I’ve experienced book challenges, that’s never particularly fun, and I’ve witnessed a book ban firsthand. As uncomfortable as those experiences can be, I still believe it’s my responsibility to stand up for Intellectual Freedom and advocate for my students’ rights to read quality, relevant materials.

    I feel like having a balanced approach to collection development feels “right” to me as a professional. I believe I should do all I can to advocate for the best literature and resources I can offer our students. I also feel I should value the input of our stakeholders, while protecting everyone’s right to read (or not read) within the educational environment. I’m glad I took time to read the blog entry on the YALSA site. It gave me something to add to the mental mix as I approach a new year and a new horizon of collection development within our media center.

  4. YALSA’s Intellectual Freedom Committee is presenting a program on this very topic at ALA’s 2009 Annual Conference in Chicago. Our program is titled “Walk the Line: The Fine Line Between Selection and Censorship.” We’ll have panelists discussing genres and areas of YA collections that can certainly cause fear in the collecting process: non-fiction, media, urban fiction, graphic novels, and religion.

  5. I’m so glad Linda wrote this. I’ve been very upset at the casual acceptance of self-censorship by the graphic novel discussions I’ve seen among YA librarians, and also among my own students in the Queens GSLIS program. I’ve said for years that the number one dilemma in YA services is knowing who the primary client is. With imaginary censors and your own fear dogging you, it’s almost impossible to keep focused on the kids.

    It’s also probably long overdue that we talk about the issue of “balance.” We’re not publishers, but dependent on publishers who often have entirely different objectives than we do, and all viewpoints are not “equal” in terms of documentable “truth” vs. opinion. Whether “balance” is even achievable is another issue, related to fear if we think that achieving it will somehow save us from controversy.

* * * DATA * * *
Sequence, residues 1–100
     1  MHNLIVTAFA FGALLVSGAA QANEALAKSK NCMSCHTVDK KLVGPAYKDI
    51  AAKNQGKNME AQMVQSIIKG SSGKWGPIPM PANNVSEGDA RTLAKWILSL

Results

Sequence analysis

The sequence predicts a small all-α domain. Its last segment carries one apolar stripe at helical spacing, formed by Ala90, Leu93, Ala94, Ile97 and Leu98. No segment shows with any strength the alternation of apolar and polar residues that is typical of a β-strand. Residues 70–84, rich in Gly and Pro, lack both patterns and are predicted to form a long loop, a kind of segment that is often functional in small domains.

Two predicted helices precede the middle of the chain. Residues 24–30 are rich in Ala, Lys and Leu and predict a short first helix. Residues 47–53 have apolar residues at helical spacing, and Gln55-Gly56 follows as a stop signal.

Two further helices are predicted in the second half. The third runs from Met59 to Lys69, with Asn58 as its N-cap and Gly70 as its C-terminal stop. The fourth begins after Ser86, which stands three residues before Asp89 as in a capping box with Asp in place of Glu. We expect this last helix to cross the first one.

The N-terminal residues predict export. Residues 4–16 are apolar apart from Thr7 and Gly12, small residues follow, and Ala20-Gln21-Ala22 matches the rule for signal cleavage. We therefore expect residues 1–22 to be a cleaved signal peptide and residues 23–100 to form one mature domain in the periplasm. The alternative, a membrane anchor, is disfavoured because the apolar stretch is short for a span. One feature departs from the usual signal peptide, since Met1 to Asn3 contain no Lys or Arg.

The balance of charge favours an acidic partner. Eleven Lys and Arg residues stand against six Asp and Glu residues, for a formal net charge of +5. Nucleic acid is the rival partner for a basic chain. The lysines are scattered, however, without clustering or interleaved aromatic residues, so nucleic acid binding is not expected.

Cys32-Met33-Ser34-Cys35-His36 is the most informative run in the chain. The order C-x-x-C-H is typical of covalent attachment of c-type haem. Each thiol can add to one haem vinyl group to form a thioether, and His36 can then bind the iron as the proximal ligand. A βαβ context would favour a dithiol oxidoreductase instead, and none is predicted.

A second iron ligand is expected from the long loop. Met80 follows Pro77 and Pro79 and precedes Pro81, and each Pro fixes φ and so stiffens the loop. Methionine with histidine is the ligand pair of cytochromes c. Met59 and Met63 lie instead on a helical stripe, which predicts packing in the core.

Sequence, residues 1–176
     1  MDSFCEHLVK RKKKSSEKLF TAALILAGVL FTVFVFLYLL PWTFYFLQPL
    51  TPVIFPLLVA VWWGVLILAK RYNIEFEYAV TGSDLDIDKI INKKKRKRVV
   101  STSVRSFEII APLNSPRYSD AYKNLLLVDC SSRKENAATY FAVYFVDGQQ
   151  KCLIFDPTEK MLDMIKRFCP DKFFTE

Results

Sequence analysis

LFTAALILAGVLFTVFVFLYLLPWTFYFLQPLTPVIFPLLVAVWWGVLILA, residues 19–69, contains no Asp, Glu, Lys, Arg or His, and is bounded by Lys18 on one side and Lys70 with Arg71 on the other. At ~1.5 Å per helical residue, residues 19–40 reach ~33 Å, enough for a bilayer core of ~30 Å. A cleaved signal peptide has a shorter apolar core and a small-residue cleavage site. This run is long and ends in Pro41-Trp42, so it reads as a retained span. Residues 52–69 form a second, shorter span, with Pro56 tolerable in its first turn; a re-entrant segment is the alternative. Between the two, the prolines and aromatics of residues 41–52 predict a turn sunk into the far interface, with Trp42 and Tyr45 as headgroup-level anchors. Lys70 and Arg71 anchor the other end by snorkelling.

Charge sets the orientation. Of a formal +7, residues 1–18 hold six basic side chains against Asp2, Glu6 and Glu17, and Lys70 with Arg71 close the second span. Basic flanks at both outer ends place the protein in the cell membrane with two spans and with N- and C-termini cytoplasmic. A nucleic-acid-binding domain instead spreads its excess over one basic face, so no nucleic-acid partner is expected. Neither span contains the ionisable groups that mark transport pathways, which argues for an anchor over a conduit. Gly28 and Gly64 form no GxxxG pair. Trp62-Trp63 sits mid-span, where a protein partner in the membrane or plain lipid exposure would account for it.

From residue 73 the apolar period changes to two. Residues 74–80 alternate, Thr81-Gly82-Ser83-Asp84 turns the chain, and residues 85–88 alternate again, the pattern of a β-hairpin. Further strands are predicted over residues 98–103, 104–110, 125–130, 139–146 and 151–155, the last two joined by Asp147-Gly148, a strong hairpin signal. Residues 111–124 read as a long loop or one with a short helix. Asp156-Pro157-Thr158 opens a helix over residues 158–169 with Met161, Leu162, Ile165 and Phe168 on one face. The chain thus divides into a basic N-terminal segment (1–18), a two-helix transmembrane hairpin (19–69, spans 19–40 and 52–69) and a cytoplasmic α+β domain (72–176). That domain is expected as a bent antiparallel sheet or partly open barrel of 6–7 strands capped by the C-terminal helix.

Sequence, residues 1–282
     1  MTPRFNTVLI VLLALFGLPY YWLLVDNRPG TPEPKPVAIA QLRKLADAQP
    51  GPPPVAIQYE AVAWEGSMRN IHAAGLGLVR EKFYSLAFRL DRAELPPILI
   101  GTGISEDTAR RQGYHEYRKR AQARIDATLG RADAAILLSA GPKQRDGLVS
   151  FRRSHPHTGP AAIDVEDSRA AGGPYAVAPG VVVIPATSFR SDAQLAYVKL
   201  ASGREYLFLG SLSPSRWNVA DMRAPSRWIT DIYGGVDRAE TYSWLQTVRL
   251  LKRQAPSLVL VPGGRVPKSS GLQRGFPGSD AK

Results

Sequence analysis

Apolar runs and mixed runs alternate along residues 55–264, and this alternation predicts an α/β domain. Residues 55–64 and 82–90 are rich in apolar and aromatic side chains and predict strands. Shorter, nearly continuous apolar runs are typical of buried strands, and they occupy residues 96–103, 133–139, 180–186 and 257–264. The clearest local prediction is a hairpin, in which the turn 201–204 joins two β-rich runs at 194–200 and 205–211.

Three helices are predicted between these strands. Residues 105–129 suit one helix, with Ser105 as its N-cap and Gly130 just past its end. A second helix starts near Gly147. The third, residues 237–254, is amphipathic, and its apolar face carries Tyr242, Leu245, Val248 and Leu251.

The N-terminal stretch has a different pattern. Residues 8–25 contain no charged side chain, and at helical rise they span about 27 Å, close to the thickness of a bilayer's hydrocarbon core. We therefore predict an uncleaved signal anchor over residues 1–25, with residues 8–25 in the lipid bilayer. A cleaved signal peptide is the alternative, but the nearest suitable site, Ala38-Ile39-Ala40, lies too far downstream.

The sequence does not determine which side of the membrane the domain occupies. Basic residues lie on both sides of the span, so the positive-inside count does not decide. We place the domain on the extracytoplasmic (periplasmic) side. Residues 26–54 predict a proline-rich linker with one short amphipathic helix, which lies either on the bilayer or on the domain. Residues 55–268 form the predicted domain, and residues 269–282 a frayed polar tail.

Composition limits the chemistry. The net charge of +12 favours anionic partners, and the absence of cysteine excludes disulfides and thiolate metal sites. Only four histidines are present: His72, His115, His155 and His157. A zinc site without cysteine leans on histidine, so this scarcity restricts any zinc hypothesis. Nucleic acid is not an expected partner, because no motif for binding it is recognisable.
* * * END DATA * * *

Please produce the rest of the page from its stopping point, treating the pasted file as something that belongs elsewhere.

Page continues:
Serving YAs well is by definition, a controversial activity. Prepare for it!

    Mary K. Chelton

  6. Cyndee J. Marcoux

    After taking Linda’s class, Programs and Services for Young Adults, at Simmons College last year I started making a concerted effort to add books that may be considered controversial to our young adult collection. This effort has resulted in an increase in our young adult circulation of more than 35% and climbing. Almost daily I have a young adult in my office requesting I purchase something. I love that they feel free to ask and that they are visiting the library on a regular basis. I have not had any challenges or complaints yet but if I do I am confident that I can defend my collection. Thanks for all your efforts on behalf of teenagers Linda!

  7. At my last job I was quick to purchase GLBT titles (which were never in the collection before). I had the full support of my boss and the board and the items survived several challenges. However, I wasn’t fully prepared for the fact that I would be physically assaulted for “bringing filth” into the community. So… fear is sometimes understandable (and now you understand one of the reasons why I don’t use my name in the comments). Thankfully, I no longer work in that community.

  8. Arthur S. Meyers

    I just found these very important comments. They should be widely shared. I will begin the process in my library (staff and board) and community.

    Arthur S. Meyers, Director
    Russell Library
    Middletown CT